Note. ER = Emotional Reactivity; IP = I Position; EC - Emotional Cutoff; FO = Fusion With
Others; DSI = Differentiation of Self Inventory. ER, = DSI Items 1,14,26, 38; ER2 = DSI Items 6,
18, 30,40; ER3 = DSI Items 10, 21,34; IPi = DSI Items 4,15,27,41; EP2 = DSI Items 7,19, 31,43;
TP3 = DSI Items 11, 23, 35; EC, = DSI Items 2, 12, 24, 36; EC2 - DSI Items 3, 16, 28, 39; EC3 =
DSI Items 8,20,32,42; FOj = DSI Items 5,17,29; FO2 = DSI Items 9,22,33; FO3 = DSI Items 13,
25, 37. To estimate each indicator, individual items were summed and divided by number of items per

- . 0 6 (Fusion With Others and Emotional Cutoff) to .59 Emotional Cutoff; both p$ < .001. Valences of these beta
(Emotional Reactivity and I Position). Next, a related factor weights indicated that greater emotional reactivity and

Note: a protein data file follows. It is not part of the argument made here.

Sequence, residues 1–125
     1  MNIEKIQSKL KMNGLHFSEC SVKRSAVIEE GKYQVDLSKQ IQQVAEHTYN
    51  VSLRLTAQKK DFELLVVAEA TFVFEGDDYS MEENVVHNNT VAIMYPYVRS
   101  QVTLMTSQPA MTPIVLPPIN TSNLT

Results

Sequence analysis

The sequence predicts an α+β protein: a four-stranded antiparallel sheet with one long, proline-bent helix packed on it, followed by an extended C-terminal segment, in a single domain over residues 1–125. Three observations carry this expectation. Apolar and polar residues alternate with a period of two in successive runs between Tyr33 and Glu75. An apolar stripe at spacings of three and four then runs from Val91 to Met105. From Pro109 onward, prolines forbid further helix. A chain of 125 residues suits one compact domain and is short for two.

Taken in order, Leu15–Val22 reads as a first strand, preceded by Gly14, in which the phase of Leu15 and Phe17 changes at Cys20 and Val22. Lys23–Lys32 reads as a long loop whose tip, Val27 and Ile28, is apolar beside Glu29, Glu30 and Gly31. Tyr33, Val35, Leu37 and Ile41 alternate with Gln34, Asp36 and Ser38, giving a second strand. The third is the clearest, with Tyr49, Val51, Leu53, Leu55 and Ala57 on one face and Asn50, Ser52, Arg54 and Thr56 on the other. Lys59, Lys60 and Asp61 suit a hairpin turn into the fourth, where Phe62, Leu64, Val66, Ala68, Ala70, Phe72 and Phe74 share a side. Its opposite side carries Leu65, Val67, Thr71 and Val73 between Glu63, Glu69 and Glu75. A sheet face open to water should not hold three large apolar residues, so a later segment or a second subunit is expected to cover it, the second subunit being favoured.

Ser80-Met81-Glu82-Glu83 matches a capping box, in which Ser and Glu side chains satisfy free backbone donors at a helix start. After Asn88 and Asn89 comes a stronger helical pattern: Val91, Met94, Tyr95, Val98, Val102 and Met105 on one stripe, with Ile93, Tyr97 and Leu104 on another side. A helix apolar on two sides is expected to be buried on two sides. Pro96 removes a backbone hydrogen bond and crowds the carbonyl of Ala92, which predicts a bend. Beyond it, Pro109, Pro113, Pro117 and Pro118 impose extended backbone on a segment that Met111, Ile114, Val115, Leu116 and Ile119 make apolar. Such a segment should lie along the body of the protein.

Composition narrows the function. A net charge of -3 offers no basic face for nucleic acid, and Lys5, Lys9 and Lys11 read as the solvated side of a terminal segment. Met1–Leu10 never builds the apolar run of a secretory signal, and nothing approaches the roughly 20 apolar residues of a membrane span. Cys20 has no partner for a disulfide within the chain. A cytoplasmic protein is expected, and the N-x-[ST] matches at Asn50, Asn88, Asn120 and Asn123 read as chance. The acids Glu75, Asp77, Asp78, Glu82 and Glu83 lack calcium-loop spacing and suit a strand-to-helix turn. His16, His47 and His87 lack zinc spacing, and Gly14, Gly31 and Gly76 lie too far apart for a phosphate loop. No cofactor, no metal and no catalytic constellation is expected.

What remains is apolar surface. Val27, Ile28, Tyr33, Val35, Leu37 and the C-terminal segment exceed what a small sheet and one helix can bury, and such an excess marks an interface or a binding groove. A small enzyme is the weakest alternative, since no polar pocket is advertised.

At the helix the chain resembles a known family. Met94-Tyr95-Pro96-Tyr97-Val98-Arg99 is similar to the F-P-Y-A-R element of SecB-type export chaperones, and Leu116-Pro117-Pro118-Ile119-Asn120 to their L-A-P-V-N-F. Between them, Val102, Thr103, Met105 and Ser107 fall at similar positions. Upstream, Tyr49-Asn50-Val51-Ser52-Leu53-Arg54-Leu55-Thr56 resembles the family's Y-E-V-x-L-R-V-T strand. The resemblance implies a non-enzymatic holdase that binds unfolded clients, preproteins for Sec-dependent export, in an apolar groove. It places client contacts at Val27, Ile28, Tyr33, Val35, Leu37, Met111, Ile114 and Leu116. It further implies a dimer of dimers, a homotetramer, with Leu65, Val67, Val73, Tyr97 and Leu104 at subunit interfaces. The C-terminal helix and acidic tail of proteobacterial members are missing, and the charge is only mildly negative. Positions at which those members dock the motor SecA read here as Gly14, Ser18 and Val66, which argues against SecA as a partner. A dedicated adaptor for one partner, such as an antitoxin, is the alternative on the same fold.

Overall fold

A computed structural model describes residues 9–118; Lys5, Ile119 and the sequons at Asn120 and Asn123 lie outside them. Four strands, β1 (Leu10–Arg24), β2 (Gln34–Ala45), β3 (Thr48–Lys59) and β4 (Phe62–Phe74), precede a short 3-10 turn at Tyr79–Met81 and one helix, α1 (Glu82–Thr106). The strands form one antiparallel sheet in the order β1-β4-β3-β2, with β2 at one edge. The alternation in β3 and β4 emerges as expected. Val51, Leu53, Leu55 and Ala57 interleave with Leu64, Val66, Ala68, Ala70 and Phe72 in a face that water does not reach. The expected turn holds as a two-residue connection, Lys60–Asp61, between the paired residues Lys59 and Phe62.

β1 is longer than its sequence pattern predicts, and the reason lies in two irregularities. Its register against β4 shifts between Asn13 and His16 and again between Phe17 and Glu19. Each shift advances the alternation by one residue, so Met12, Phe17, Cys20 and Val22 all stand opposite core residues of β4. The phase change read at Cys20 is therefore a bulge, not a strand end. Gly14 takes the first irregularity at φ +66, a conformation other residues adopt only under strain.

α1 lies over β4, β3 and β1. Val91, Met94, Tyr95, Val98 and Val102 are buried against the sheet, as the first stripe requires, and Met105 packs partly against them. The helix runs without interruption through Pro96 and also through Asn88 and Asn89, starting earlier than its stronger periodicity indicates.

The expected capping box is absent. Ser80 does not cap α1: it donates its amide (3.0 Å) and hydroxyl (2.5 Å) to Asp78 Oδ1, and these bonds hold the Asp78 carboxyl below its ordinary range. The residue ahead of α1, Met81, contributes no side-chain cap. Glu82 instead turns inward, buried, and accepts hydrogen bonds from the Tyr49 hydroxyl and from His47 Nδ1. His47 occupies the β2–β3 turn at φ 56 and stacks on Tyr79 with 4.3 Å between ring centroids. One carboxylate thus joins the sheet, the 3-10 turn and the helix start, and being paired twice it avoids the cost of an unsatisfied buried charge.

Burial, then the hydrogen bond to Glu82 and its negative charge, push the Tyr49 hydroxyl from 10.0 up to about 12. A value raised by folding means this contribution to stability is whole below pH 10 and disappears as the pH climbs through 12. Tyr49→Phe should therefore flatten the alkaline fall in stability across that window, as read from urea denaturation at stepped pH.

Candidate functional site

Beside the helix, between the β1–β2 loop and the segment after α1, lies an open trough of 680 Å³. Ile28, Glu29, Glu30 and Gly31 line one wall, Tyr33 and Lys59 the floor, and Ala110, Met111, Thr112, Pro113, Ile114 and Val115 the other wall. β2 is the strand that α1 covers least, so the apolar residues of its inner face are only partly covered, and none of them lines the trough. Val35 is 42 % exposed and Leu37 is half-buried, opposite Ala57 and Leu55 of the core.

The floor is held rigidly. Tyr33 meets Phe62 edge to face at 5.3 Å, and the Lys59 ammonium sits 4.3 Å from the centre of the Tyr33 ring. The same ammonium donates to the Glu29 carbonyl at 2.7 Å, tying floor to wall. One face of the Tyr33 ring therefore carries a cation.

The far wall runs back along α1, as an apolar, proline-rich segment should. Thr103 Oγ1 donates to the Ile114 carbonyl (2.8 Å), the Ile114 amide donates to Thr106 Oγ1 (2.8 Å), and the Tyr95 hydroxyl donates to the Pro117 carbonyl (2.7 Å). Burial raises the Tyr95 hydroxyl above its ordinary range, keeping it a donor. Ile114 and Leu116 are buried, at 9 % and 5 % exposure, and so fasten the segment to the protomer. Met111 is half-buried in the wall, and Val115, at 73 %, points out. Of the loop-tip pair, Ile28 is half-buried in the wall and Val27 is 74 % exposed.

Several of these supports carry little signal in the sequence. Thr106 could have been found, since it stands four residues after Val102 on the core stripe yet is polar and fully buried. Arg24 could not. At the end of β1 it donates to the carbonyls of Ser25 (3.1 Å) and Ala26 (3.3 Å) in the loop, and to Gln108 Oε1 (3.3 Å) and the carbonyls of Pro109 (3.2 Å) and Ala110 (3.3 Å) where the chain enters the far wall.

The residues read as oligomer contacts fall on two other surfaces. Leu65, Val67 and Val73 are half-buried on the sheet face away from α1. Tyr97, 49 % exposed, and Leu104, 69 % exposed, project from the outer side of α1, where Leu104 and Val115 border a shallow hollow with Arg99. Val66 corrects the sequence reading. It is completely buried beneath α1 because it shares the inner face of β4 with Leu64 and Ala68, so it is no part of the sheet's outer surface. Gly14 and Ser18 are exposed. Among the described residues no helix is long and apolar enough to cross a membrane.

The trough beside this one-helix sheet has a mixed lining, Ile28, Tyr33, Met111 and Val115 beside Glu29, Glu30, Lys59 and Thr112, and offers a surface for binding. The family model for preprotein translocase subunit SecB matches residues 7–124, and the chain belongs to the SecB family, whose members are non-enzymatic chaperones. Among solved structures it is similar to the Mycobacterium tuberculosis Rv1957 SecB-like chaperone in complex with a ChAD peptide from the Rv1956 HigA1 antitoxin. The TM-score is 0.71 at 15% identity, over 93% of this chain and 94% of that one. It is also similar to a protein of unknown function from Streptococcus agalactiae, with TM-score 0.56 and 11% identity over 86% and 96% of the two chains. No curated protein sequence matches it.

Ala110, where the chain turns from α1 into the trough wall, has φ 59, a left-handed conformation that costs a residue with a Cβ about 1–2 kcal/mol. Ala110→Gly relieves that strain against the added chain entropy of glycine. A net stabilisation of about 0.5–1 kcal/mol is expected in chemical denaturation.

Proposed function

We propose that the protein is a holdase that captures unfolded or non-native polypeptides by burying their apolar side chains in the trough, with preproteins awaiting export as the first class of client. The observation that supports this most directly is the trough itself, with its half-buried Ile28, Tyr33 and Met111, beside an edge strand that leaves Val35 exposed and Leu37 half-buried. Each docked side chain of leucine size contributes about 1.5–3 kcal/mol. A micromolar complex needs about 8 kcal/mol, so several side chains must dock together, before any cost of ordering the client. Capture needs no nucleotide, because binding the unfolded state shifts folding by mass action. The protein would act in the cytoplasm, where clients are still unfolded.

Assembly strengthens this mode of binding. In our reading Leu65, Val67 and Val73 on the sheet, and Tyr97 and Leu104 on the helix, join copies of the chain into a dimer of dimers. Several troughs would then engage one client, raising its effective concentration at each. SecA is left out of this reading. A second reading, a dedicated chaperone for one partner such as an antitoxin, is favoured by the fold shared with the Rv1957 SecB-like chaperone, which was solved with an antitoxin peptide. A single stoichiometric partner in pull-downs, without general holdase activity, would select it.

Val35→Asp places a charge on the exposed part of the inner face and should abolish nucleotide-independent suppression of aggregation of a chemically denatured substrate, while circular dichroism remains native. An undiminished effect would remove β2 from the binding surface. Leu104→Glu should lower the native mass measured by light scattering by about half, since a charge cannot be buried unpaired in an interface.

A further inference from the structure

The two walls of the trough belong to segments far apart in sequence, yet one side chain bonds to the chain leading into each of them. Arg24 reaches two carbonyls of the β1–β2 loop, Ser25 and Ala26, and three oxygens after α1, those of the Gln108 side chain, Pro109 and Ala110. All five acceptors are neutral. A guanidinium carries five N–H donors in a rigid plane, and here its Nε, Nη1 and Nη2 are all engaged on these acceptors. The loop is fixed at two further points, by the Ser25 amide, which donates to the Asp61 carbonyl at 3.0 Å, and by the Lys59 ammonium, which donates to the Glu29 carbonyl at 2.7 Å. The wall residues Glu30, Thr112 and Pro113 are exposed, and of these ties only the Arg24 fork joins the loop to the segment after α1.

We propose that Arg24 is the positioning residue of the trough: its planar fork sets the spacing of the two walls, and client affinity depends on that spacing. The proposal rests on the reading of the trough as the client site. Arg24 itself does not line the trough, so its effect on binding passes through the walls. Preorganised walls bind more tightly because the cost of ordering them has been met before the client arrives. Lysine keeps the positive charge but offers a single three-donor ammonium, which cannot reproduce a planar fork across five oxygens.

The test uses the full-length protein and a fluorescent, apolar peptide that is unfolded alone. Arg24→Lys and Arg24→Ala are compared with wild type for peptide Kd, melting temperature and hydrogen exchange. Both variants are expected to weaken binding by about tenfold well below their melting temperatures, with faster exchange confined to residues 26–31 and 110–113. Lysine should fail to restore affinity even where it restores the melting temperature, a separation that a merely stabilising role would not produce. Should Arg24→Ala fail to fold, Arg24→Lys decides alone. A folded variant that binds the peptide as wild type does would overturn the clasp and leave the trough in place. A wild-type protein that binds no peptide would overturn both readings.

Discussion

model was also tested representing the four DSI subscales as cutoff predicted greater symptomatic distress.
factors, with differentiation of self identified as a single, Next, we performed a univariate multiple regression
higher order latent factor. Results were also positive, x2(50, analysis on the set of four DSI predictors, two covariates,
N = 137) = 94.58, p < .0001, GFI - .91, adjusted GFI = and the criterion, DAS. Only data from the married partici-
.86, and y^tdf = 1.89, for the DSI as representing a single, pants (n = 91) were analyzed. A significant relationship
multidimensional construct. emerged between scores on the four DSI subscales and the
Tests of Bowen theory. On the basis of the results of DAS. With age and gender controlled, F(4, 84) = 6.79, p <
preliminary univariate regression and one-way analyses of .0001, ^semipartiai = -24 higher DSI scores predicted greater
variance conducted using a familywise alpha of .01, age and marital satisfaction. Only Emotional Cutoff made a signifi-